This is Everybody’s Job (an Interview with Bob Russell)

BOB RUSSELL

By Dean Collins

Since Bob Russell’s retirement from Southeast Christian Church in Louisville, Kentucky, in 2006 he has encouraged ministry in the local church in a variety of ways. This year, he partnered with our Christian college presidents in the Just One Challenge. Shortly after the North American Christian Convention in July, I talked with Bob about his passion for recruiting the next generation of kingdom workers.

DEAN COLLINS: What role should local churches play in recruiting kingdom workers, both to our colleges and to the harvest field?

BOB RUSSELL: One of my regrets, when I look back, is that I wasn’t more aggressive in recruiting preachers. I had in the back of my mind that someday I would like to start a junior high “Preacher Boys” club. We need to start such a club before the boys enter senior high, because by then it’s too late. I thought if I started a boys club and met with them once a month for an hour, talked with them about ministry, took a trip with them every once in awhile to visit Bible colleges, let them preach a sermon . . . I think I could have recruited more guys into ministry than I did. It was one of those ideas I never implemented, and always wished I had.

I do think the local preacher has to be the catalyst for recruiting younger preachers. We’ve turned that over to the youth ministers, but we’re not duplicating ourselves the way we should.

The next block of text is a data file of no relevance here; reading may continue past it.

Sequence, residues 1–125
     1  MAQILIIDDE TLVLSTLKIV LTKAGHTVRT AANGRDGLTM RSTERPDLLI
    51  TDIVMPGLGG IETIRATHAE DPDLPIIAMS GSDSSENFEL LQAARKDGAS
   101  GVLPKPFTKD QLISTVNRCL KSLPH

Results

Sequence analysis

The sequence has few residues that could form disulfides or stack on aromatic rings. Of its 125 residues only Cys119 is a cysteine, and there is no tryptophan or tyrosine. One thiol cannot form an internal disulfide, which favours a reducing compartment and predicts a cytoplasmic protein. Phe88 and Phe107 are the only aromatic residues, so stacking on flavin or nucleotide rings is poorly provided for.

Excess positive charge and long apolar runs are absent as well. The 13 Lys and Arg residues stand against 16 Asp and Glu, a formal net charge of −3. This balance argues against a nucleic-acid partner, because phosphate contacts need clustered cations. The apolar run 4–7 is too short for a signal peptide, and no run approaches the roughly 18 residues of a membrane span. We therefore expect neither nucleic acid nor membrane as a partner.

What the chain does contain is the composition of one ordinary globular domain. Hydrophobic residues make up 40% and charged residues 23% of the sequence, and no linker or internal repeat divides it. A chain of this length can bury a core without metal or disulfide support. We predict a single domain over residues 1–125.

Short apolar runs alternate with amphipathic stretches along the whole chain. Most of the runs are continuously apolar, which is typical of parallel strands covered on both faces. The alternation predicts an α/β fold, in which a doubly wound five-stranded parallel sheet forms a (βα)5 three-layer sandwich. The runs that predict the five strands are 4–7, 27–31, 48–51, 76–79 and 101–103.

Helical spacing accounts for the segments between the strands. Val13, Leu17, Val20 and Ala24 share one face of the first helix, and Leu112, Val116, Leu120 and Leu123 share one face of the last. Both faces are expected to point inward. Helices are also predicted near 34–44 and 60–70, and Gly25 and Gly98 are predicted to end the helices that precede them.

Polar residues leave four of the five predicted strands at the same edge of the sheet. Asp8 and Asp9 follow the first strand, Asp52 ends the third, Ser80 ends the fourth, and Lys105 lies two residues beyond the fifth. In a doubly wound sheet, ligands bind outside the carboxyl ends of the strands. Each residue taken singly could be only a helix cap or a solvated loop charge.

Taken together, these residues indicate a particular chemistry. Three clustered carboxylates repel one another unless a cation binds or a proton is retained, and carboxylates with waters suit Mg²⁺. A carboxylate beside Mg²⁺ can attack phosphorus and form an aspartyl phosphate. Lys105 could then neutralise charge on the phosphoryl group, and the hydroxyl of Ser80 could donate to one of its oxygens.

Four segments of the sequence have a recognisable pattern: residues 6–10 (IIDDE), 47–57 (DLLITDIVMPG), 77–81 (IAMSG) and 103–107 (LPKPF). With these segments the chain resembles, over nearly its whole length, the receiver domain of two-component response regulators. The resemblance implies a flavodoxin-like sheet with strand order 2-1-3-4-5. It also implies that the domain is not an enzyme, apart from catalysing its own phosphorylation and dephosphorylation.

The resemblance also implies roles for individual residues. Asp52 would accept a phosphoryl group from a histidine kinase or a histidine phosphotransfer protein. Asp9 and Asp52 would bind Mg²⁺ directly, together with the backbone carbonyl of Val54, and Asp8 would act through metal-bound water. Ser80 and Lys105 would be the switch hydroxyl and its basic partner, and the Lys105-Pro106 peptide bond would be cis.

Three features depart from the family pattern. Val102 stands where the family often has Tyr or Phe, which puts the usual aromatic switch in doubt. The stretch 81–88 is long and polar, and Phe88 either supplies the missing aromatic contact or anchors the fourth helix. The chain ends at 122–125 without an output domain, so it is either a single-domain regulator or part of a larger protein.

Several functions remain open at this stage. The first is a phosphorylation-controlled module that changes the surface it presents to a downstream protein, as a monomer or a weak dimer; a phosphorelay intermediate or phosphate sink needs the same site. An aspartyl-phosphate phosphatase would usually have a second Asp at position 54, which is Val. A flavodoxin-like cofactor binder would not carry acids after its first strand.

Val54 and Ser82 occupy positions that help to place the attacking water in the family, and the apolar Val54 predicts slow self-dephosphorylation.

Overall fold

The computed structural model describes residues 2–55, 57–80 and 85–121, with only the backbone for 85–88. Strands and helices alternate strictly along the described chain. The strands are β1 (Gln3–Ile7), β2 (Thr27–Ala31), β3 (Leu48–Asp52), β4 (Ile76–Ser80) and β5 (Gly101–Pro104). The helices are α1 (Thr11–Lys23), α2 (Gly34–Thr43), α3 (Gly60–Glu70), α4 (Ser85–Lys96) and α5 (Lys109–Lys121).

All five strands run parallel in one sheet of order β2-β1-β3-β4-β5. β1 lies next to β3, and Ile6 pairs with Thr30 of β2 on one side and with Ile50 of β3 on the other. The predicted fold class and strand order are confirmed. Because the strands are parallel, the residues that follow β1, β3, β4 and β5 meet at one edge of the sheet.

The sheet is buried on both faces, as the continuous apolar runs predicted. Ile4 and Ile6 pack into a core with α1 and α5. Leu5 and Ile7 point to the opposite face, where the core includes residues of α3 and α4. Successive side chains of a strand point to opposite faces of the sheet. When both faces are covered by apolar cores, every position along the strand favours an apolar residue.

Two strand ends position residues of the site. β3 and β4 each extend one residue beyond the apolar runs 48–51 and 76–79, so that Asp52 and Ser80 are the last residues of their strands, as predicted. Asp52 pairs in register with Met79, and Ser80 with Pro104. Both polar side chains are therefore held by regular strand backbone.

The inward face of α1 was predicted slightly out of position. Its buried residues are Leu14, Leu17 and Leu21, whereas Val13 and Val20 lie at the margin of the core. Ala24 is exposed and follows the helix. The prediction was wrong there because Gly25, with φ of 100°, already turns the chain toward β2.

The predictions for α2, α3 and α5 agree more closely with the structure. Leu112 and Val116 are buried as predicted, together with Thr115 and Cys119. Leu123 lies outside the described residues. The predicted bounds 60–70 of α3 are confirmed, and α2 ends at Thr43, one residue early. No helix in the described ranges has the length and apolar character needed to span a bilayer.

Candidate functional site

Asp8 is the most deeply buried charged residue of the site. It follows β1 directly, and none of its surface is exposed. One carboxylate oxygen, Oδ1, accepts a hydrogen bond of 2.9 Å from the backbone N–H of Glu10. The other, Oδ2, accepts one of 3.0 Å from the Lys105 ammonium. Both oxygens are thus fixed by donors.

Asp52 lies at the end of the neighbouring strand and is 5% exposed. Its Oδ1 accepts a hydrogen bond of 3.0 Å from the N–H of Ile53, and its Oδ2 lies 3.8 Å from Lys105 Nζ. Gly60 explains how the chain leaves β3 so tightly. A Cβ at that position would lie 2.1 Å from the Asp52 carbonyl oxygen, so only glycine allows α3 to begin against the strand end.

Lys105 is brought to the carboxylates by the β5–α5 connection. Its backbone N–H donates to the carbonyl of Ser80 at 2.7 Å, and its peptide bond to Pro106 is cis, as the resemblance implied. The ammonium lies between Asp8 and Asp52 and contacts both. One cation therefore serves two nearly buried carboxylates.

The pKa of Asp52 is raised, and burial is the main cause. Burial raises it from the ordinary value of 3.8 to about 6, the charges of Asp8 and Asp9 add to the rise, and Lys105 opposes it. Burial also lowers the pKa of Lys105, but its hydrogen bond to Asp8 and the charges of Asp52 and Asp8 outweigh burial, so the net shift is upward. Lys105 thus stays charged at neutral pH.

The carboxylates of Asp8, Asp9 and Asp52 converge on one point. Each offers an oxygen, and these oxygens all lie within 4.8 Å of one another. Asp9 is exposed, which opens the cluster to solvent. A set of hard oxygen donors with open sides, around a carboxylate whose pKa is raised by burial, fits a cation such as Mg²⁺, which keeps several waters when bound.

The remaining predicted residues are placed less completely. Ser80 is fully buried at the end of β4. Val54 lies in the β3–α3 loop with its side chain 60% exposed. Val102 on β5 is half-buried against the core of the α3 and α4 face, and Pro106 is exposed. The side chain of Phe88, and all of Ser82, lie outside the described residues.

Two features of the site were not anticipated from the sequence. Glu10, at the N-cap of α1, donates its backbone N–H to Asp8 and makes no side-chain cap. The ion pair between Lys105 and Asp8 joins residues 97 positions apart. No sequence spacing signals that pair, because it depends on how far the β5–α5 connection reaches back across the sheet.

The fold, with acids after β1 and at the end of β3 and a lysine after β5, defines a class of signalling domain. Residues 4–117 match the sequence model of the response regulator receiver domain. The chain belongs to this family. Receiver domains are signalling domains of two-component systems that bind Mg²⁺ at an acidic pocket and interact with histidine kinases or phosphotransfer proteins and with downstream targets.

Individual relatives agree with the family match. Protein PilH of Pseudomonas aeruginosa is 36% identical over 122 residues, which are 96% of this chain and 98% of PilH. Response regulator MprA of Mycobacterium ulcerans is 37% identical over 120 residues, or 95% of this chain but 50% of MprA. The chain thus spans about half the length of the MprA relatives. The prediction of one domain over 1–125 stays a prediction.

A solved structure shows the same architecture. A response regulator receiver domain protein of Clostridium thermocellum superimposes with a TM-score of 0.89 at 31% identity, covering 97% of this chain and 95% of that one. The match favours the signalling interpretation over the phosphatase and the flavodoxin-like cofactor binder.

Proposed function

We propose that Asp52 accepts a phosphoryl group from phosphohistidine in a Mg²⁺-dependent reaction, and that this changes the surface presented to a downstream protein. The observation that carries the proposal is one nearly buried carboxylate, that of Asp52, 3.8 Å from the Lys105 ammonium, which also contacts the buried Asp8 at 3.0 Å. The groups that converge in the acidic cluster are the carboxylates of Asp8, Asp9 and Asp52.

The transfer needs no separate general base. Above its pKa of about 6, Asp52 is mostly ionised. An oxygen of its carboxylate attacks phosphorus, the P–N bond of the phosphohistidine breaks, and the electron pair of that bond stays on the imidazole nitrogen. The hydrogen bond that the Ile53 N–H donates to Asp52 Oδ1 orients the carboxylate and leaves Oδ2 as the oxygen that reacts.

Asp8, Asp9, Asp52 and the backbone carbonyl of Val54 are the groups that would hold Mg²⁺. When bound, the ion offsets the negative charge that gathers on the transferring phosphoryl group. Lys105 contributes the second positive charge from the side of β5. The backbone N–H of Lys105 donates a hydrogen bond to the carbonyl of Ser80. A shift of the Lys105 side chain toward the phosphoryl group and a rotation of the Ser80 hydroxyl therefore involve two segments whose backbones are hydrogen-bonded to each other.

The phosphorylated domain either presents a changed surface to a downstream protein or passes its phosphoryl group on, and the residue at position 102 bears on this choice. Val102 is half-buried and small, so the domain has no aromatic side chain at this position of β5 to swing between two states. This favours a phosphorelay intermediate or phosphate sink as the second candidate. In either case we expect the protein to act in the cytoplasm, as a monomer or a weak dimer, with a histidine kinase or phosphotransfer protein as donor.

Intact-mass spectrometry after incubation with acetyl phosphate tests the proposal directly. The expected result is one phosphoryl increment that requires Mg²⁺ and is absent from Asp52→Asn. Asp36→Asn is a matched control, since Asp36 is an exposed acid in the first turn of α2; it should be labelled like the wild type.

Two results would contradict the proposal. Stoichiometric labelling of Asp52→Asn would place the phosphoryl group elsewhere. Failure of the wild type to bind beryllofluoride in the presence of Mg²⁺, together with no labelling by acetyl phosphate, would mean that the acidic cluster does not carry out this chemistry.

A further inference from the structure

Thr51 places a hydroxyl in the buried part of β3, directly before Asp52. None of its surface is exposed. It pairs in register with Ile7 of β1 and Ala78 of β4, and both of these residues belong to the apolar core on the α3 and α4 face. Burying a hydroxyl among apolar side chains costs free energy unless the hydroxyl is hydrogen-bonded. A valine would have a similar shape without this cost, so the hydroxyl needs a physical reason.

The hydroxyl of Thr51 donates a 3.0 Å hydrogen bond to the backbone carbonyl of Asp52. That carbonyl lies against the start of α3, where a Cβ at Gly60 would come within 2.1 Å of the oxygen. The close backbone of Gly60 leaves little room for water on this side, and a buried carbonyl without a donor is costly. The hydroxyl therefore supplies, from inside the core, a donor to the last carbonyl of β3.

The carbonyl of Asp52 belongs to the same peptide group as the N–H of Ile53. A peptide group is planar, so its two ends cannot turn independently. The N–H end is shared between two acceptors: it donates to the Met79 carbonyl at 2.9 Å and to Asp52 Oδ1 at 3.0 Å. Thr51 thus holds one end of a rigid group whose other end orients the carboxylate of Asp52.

Things have changed in the way the local church does ministry. How do we recruit both preachers and ministers to fill all the other significant roles within the church?

I’m a little prejudiced toward the preaching ministry, and one of the things that concerns me when I visit Bible college campuses is there are fewer and fewer young men interested in preaching. I find people interested in being youth ministers, worship leaders, and counselors, but only a handful of young men are interested in preaching. I think the other positions of leadership within the church—whether in youth ministry, education, counseling or executive pastors—will take care of themselves if we pay attention to pulpit ministry.

At some of our colleges, we believe that whatever specialized category you want to be in—whether that’s education, counseling, the business aspects of church, or something else—you have a primary responsibility to first be a preacher or proclaimer of the Word. In our curricula, we’re emphasizing the preaching. We want to influence all of our students to be better proclaimers of the Word.

If I’m a preacher in a church and I have an executive pastor, an education minister, and a counselor, and those people can teach in a classroom, fill the pulpit, or teach a specialty class on Wednesday night, then they are doubly valuable. I think our training should be primarily in the proclamation of the Word.

What should be the local church members’ role in recruiting kingdom workers?